The views of Pavia
On the first span on the left, two views of Pavia remember the defence of the city by Federico Gonzaga during the French siege in 1522. Up on the clouds, in the presence of God the Father, next to the patron Siro (in the centre) and the protector Augustine (on the right), St Theodore is identified as liberator of the city, in connection with his role during the siege of French army under Carlo Magno. Down, there is a wide land with the city in the foreground, the Visconti park behind the castle and, on the background, the Alpine chain. The fresco was interrupted and all covered by a new layer of plaster, over which a new closer view of the city was depicted. The definitive version, detached from the wall in 1956, is now placed on the counter-façade. It’s an extraordinary representation of the city of Pavia at the beginning of the sixteenth century: the bird’s-eye view describes the towers, the civil and religious buildings, squares, streets and the covered bridge, the boats and the washerwomen on the river. In the foreground, there is the imposing figure of St Antony abbot. The traditional attribution to Bernardino Lanzani is brought forward by a different attributive hypothesis, that refers the paintings to the circle of the Master of St Agnes’s Stories, an artist active on the same church.
St Theodore’s Stories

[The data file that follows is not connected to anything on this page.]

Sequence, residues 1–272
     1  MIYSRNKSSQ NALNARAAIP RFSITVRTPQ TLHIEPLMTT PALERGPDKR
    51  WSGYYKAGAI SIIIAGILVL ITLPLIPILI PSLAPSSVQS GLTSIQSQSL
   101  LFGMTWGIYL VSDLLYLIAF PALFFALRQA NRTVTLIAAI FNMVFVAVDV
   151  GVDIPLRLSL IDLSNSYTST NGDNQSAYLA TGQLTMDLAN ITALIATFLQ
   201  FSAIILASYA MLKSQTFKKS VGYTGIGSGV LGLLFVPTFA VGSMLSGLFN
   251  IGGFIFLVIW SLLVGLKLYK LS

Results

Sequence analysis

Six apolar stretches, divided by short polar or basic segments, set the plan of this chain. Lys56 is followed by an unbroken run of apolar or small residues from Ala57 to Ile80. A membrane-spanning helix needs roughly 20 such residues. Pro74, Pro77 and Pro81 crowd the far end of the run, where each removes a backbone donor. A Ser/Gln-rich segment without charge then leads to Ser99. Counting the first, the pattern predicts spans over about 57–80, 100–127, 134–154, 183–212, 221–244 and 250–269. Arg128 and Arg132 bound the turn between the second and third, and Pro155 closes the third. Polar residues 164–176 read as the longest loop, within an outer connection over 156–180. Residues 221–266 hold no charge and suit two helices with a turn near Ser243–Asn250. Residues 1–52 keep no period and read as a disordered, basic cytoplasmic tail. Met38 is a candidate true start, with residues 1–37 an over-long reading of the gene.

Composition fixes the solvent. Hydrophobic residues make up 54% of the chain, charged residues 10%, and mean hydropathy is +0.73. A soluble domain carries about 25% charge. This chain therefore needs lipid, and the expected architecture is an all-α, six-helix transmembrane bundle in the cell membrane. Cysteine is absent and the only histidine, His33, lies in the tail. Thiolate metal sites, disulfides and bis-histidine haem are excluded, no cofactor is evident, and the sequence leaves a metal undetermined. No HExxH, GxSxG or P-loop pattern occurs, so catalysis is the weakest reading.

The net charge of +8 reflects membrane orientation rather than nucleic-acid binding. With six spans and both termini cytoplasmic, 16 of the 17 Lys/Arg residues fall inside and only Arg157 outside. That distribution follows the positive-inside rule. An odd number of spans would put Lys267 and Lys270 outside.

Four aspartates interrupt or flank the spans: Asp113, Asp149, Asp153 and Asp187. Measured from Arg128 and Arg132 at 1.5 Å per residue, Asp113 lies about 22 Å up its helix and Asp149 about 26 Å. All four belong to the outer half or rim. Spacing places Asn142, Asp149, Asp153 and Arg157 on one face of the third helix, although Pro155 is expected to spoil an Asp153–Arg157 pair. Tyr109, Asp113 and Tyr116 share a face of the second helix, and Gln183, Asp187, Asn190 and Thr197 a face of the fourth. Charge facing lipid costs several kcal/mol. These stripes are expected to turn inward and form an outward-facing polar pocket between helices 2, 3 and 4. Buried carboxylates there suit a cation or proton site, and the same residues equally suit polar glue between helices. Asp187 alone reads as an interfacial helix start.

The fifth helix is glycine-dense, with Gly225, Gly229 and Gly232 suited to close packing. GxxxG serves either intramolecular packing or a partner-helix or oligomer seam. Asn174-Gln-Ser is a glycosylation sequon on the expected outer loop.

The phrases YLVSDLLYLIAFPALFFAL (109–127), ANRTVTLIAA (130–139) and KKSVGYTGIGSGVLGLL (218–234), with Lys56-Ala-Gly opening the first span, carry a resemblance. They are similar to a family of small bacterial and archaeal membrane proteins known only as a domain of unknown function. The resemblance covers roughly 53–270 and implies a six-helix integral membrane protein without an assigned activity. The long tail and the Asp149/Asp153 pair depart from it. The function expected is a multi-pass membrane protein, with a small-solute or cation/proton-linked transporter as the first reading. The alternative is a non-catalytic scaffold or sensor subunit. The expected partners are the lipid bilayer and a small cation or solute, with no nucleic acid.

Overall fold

On the northern wall of the transept there is depicted the history of the bishop Theodore, painted in 1514, during the renewing of the decoration of the church wanted by Luchino Visconti, as showed by the inscription on the upper frame. The scenes run on the wall on twelve squares, divided in three bands, and they end with other four episodes painted over the side arches. The painter seems to be close to the figurative culture of Bernardino Lanzani, while the side scenes are attributed to the Master of St Agnes’s Stories. Each scene is followed by the related caption in the vulgar tongue. From the upper left corner: 1) The angel appears to king Desiderio to suggest him the election of Theodore as bishop of Pavia; 2) Desiderio convenes the clergy and the people and Theodore is elected bishop; 3) Going to Rome to be confirmed bishop, Theodore recovers crippled and sick people; 4) He’s confirmed bishop by pope Leone IV; 5) Come back from Rome, he’s welcomed by the clergy of Pavia; 6) Theodore lets pass a widow on the Ticino river and recovers her paralytic son; 7) Theodore reattaches the hand of a Jew and baptizes him; 8) The French army, entered in Pavia with the complicity of the king’s daughter, is repelled by Theodore; 9) During the French siege, Theodore defends the city; 10) The king Carlo’s nephew, trying to hit Theodore, is killed by his same arrow; 11) After the prayer of king Carlo, Theodore raises his nephew from the dead; 12) Theodore raises the water of Ticino and the French troops have to stop the siege. Over the side arches there are also four moments of the last period of St Theodore’s life. On the left: 13) The angel announces to pope Leone the imminent Theodore’s death; 14) Leone arrives in Pavia to celebrate the burial. On the right: 15) The pope gives dying Theodore the Communion; 16) The pope participates to the Theodore’s funeral.